One theme of a recent NYT article is that Wall Street layoffs may soon propagate to other areas: “Last year, the finance industry was responsible for nearly a third of all wages earned in the city, the highest in modern times. And each Wall Street job supports three workers in other sectors.” Mark Zandi, chief economist of Economy.com, is quoted: “[I]n ’01 or ’91, it was a much larger share of the back-office jobs. But in terms of compensation, the impact [now] could be just as significant. One hedge fund job lost today is worth 10 back-office jobs in the last downturn.”
And there is this: “Adam Zoia, managing partner at Glocap, another New York recruiter, said employers using his firm listed the same number of job openings in the first two months of this year as in the period a year earlier. But, he said, they filled 20 to 30 percent fewer of those positions because of uncertainty about the economy.” That’s from a major recruiter with a strong hedge fund practice.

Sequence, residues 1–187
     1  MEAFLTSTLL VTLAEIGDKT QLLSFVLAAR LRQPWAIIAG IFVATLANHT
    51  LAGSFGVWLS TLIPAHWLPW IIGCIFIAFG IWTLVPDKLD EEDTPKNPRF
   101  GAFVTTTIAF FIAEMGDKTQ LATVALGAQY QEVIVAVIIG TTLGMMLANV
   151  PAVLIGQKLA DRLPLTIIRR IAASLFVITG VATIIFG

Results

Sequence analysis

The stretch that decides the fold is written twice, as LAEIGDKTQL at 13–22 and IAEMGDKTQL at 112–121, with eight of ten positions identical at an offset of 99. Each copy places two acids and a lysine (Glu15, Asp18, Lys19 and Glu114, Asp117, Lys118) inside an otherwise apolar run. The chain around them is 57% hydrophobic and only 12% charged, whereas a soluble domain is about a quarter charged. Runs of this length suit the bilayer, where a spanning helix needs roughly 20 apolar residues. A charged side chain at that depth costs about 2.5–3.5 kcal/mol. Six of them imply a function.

Fund collapses are well-reported every week. Nevertheless, according to Jane Buchan, CEO of a $10 billion hedge fund of funds, although financing is tight and it won’t be easy, “[y]ou will see a large number of people with big names and reputations trying to start up hedge funds” (from a Reuters article; comments delivered at the Reuters Hedge Fund and Private Equity Summit). And while it’s no surprise that a launch doesn’t garner as much attention as a spectacular collapse, there does indeed seem to be a small but steady parade of new funds opening doors.